Anything that happened yesterday is still news, while last month's headlines get sifted into the heap of modern-day discards. If you want to reflect on the America of the 1940s -- or even the 1980s -- then you're obviously an archeologist on a mission.
Unless you're summarizing the most recent yak-fest -- the so-called presidential debates. You remember: The ones marketed by hucksters like cage matches from two new species only just now discovered in wildest Borneo.
You know: The Distracted Professor versus the Gish Galloper Extraordinaire!
One way to reframe the lingering, post-event aftertaste: You were watching a hot-air duel that could really have been broadcast skips on the chilled atmosphere from just after World War Two, colliding with torrid blasts from the Reagan era, when the hot air really got superheated and shoved around.
Each candidate espoused the spirit, if not the exact talking points, that would have been more common 30 and 60-plus years ago.
On the one hand, there was discussion from a point of view that insisted that We're All in This Together. The opposing view came directly from one of this century's leading poster boys for Greed is Good.
Aside from the underlying philosophies on view, we also witnessed a technological time warp, too: Those who listened on radio thought Obama won; those who watched the proceedings on teevee were convinced Romney did.
That's a perception difference that cleaves right along the fracture lines of candidates' basic views. Not sure about that?
Imagine those fireside chats from FDR, the whole family clustered around their radio sets, then envision those superheated conduits and teevee circuits of the 80s Greed Decade, stoked from the beginning blazes of the Me Decade.
If we can understand how it was we transitioned so fast from societal altruism to personal greed, we might have half a chance to dissolve the political knots that assemble themselves so tightly around the two polar opposites dividing us.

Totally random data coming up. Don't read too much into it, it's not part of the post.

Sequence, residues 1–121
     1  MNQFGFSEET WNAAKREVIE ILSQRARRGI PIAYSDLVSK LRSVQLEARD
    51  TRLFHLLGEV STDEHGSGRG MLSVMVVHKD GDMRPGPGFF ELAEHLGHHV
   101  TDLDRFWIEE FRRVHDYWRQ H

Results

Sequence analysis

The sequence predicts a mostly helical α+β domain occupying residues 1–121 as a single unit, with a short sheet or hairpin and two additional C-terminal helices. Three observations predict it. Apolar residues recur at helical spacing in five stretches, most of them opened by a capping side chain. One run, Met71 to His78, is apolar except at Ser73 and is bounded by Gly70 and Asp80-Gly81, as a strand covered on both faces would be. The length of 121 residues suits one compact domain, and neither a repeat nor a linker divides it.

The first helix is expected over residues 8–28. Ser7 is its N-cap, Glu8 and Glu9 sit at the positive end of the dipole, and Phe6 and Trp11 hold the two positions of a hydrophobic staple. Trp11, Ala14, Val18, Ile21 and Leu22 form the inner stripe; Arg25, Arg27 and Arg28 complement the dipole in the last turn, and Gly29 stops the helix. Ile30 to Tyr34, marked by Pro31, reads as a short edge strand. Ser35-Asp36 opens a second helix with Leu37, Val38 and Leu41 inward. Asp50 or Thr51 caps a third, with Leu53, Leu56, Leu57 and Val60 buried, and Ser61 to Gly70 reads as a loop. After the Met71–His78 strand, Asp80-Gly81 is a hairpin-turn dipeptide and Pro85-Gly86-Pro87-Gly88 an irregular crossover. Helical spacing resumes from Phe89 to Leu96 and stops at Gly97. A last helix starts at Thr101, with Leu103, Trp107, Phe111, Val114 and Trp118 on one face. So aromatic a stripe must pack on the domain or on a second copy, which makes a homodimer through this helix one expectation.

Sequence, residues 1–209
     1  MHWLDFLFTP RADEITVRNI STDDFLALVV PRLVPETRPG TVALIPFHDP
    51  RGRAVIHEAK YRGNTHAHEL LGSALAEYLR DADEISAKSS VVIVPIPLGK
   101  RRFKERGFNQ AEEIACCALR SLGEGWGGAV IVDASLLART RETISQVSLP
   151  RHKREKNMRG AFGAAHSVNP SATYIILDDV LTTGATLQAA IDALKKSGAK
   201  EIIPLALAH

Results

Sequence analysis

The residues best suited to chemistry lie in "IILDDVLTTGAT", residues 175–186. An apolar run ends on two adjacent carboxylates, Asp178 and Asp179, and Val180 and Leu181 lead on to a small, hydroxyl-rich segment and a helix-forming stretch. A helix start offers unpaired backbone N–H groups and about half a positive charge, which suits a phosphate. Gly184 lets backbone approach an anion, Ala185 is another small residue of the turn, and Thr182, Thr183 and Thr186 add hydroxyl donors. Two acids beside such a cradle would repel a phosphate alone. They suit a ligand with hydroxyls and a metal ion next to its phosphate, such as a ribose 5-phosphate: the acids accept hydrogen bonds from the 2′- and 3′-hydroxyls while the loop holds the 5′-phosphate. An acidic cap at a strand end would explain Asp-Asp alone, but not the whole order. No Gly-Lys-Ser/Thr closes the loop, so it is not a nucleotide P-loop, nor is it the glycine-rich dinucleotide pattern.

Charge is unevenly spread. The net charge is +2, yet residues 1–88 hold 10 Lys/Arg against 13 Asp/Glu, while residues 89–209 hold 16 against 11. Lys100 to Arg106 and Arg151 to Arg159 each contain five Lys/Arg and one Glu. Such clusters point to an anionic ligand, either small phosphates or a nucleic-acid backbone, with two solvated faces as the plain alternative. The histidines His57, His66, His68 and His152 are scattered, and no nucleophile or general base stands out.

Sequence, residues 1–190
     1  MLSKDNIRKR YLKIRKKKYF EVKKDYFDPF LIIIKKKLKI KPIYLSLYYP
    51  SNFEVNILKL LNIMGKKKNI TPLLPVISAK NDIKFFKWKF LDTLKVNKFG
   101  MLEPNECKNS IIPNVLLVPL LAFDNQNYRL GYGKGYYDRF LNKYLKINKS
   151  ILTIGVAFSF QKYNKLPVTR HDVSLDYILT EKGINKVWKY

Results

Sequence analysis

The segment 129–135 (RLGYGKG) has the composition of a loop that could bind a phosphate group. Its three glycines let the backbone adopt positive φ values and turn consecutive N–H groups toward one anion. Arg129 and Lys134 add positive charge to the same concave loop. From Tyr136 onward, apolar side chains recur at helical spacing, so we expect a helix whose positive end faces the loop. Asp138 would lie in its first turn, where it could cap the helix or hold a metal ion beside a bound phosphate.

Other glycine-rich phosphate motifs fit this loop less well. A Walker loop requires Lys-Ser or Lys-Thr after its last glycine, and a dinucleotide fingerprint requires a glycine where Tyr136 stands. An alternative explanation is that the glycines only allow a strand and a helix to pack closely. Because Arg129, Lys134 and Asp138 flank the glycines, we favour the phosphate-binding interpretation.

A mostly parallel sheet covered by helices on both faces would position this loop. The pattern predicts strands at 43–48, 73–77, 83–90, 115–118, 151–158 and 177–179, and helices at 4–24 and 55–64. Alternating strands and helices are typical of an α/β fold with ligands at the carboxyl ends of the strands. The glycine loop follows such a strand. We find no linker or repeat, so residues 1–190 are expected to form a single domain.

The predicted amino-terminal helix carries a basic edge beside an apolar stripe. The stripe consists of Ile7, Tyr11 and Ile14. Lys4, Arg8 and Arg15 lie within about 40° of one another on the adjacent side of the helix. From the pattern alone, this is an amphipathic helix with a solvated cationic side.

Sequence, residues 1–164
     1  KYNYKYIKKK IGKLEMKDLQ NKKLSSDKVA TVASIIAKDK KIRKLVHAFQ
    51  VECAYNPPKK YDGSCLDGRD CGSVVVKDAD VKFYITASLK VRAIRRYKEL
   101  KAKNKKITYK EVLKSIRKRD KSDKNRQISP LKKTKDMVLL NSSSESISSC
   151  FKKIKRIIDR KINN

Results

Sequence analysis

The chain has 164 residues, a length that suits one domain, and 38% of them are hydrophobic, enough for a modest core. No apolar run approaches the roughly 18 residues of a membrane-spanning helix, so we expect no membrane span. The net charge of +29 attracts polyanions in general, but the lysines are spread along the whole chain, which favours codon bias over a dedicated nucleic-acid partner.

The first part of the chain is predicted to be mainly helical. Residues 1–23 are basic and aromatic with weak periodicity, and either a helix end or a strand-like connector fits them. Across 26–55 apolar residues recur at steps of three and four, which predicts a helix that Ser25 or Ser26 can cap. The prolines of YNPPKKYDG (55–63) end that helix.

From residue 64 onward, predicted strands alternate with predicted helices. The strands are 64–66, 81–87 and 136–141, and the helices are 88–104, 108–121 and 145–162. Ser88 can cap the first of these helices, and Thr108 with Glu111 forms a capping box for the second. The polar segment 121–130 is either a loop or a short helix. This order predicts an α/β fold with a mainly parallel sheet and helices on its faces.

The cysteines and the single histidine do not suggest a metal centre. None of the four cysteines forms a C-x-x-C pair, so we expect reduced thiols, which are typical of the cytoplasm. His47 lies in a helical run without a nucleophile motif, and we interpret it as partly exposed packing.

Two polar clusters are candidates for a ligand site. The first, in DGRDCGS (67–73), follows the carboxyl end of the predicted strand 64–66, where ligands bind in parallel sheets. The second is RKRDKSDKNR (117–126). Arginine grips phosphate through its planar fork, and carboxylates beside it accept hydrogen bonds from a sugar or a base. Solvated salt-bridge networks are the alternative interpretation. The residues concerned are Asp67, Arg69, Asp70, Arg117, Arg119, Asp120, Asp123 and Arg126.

We may even be able to have civil conversations and discussions about politics once again, if we can remember which pair of pants we last left our Ability to Compromise in.
It's a longshot, of course, in an era where the meme and the mode is to win at all costs, especially by grinding down the opposition to a bloody pulp -- but it's worth a try. Otherwise, we'll be left circling our increasingly polarized orbits, locked at opposite ends, as we are now.
Of course, that effort presupposes Americans are again ready to take a calm, informed, intelligent, educated look at the facts.
However, many Americans may have not yet gone through enough spiral-eyed, tea-scented agony and fits to shrug off their emotionally-stoked firestorms. Could be a majority of Americans is just not yet collectively ready for that cycle of renewal that's needed -- let alone ready to start making and hearing sentences with the word "collective" in them.
Sounds like commies and socialism -- right?
* * * * *
What were those expressions, again -- something about divide and conquer, but united we stand...
Our parents and grandparents probably knew. They were adults. We actually saw them compromise, collectively, together.